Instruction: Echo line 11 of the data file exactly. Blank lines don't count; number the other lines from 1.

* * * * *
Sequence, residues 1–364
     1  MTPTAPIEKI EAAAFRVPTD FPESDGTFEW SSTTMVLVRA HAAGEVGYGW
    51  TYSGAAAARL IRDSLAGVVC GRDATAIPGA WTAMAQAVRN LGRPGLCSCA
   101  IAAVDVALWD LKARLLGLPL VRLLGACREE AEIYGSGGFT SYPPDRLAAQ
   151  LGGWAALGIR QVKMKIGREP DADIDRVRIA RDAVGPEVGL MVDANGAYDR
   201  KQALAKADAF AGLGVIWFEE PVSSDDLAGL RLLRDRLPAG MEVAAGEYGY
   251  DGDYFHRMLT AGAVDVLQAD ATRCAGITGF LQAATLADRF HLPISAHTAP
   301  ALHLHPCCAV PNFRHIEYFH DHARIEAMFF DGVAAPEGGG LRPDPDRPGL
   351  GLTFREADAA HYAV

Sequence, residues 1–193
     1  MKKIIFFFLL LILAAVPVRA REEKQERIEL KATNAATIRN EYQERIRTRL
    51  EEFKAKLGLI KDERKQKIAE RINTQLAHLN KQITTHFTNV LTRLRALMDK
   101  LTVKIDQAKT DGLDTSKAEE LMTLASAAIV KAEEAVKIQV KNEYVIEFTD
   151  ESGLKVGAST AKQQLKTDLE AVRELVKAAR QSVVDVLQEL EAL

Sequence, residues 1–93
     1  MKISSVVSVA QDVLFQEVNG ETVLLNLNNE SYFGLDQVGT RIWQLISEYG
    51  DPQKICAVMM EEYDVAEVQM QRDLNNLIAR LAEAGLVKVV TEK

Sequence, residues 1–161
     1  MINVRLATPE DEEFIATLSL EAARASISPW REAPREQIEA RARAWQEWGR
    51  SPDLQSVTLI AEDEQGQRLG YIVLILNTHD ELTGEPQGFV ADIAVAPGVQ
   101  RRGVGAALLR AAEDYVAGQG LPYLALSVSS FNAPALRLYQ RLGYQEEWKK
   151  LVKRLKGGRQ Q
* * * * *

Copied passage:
     1  MKKIIFFFLL LILAAVPVRA REEKQERIEL KATNAATIRN EYQERIRTRL